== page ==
What the PFDC Sunsilk Fashion Week 2016 wore last week was a cloak of confidence. The fashion week in Lahore, held over four days, was happily clad in a sense of security, magnitude and optimism that it has managed to achieve through a series of successful runs over the past few years. The lineup was impressive, hardly any collections were misplaced, and the juxtaposition of ready to wear, luxury pret and even lawn worked in cohesion with the keynote being industry development.
Designers have come into their own sense of identity and it was impressive to see them all stick to their personal ethos without much compromise. My top six (Nomi Ansari, Sania Maskatiya, Mahgul, Karma Pink, Khaadi Khaas and The House of Kamiar Rokni) is featured in the centerspread of this issue (Style pages 34-37) but there was so much style even beyond the very best.
Day One: Sana Safinaz, who opened fashion week with Sugar Rush, merged their sophisticated spirit with a young and peppy, sporty look for a younger clientele. Feeha Jamshed made a fashion week comeback with Bob Squad, a tribute to breaking stereotypes. Muse showcased luxury sportswear and their collection, #LastNight was an unapologetic distortion of proportions, assimilated in a fine way. Sara Shahid kept things subliminal with Exhale; hers was a flawless display of drapery done without the camouflage of embellishment. Bank Alfalah’s show of Rising Talent was a little underwhelming this year but it made an integral link between the upcoming and established designers, which is important. The finale from Maria B was interesting, attractive in the fact that it appeared like an inspired smorgasbord of some of Pakistan’s biggest names.
Day Two: This was a great day for fashion, with Nomi Ansari, Sania Maskatiya, Mahgul and Karma Pink making it to Top 6 list. Ali Xeeshan wasn’t far behind, with his theatrics providing much needed dramatic relief to fashion that tends to take itself a tad too seriously. Ali is someone who makes the landscape interesting, lending quirk and kitsch to the general sense of style. The fact that he turned up to Nabila’s after party in a terry robe and bedroom slippers (“I had nothing to wear!” he exclaimed mischievously) summed it up neatly. Nickie Nina, also showing on Day Two, were perhaps the only brand at fashion week that if never show again, would be too soon.
Day Three: Khaadi Khaas collaborated with Swarovski for a cool and contemporary fashion week comeback. Zonia Anwaar replayed her signature tribal vibe and while this young spark has the style sorts – her collection was well interpreted, accessorized and cohesive – she is yet to make an impact on the retail horizon. Saira Shakira were not as impressive as they usually are; their collection had finesse but it also had a severity that needed to ease up and relax for summer. Speaking of relaxed silhouettes, Zara Shahjahan hit the nail on the head with Sartoliast, her breezy and casual summer affair. HSY, who presented the grand finale of fashion week, brought out a heavy contingent of separates that were spearheaded by his near-perfect menswear.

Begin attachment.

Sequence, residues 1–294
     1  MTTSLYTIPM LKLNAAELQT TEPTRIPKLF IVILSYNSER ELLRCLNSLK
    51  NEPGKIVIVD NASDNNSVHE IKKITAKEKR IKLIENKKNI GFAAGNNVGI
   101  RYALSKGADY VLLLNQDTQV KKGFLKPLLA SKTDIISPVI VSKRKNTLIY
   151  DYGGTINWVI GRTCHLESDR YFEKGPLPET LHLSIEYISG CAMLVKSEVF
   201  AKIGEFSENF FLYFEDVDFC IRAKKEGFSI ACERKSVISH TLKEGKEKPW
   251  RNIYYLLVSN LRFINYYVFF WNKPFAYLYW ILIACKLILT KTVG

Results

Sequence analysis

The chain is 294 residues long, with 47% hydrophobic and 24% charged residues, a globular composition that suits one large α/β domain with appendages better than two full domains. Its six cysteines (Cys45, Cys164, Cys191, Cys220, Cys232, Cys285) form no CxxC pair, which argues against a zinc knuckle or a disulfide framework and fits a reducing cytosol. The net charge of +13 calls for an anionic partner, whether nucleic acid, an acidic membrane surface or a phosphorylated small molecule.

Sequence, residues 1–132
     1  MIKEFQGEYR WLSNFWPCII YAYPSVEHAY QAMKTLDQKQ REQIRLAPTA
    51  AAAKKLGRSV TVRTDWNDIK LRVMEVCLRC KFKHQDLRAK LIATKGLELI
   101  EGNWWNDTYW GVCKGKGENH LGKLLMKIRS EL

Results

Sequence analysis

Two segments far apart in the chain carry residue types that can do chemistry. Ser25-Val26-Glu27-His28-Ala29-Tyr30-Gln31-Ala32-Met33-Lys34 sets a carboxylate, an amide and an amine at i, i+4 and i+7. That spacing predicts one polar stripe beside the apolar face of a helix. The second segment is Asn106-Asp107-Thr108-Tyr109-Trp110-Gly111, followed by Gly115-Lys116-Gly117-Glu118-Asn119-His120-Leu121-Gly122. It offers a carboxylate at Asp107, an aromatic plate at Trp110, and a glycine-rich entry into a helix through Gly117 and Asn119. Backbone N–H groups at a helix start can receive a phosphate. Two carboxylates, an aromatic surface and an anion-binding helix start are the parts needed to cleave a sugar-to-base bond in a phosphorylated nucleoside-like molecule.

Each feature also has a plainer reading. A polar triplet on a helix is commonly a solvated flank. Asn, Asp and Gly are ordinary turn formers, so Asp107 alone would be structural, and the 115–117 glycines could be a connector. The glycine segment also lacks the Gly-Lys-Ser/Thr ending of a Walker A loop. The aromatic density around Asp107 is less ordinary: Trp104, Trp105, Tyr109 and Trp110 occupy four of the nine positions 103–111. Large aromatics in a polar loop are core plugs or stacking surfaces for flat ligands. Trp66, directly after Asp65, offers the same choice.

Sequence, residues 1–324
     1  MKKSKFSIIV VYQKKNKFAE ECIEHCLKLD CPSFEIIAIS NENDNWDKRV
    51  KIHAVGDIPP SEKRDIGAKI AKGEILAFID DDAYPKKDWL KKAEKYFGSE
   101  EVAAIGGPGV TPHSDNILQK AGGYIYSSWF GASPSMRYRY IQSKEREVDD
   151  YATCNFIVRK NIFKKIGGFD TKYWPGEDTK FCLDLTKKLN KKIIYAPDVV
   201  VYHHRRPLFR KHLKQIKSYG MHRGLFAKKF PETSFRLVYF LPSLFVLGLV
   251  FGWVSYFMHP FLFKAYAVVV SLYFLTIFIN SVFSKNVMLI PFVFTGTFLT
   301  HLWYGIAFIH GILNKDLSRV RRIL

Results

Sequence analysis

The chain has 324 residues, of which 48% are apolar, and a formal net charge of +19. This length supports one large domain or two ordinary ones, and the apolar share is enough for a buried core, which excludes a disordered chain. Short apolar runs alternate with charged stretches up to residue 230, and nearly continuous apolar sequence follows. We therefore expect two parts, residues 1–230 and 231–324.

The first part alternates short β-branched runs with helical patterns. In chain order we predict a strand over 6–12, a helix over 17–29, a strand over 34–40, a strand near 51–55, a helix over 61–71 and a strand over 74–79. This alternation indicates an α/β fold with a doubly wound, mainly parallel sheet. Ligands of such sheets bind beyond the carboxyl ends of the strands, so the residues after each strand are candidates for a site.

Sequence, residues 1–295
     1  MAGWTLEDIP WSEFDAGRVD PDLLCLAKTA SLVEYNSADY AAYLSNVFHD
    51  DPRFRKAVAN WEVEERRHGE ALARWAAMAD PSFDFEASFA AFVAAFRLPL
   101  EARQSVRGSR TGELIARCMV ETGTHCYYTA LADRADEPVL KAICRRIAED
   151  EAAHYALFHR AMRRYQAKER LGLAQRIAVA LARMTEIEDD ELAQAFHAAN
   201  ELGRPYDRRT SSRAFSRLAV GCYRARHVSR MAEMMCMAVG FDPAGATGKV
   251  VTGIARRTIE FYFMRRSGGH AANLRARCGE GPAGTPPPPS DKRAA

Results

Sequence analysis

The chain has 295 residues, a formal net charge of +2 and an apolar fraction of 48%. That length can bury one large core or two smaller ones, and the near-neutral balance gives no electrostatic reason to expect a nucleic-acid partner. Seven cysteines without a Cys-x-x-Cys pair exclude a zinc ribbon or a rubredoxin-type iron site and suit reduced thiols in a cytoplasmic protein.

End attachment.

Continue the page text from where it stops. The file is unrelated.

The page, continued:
Day Four: Deepak Perwani was the only designer to show on a day taken over by lawn and his was a tongue-in-cheek, political narrative, bringing the government’s inadequacies to the runway. It was a great, wearable and yet stylish collection that was a welcome prelude to the rest of the day.
The Pakistan Fashion Design Council has most definitely taken it upon itself to ensure the growth of an industry that had been restricted to the sidelines for too long. And by involving high street brands it is probably bringing revenue to the platform while allowing interested brands a chance at owning the spotlight. That said, what they brought to the catwalk was far from fashion forward. Other than HSY Limited, there was very little that justified these brands on a fashion week platform; jeans and tees aren’t exactly revolutionary runway ideas. The same goes for the lawn brands that took over Day 4. There were big names like Al Karam, Ittehad, Gul Ahmed and Warda and those with designer affiliations stood out but the rest was a humdrum of fabric instead of fashion. If textile brands are to show at fashion week then they should at least engage a designer to style their collection for the catwalk. Case in point: Nilofer Shahid for Ittehad Textiles.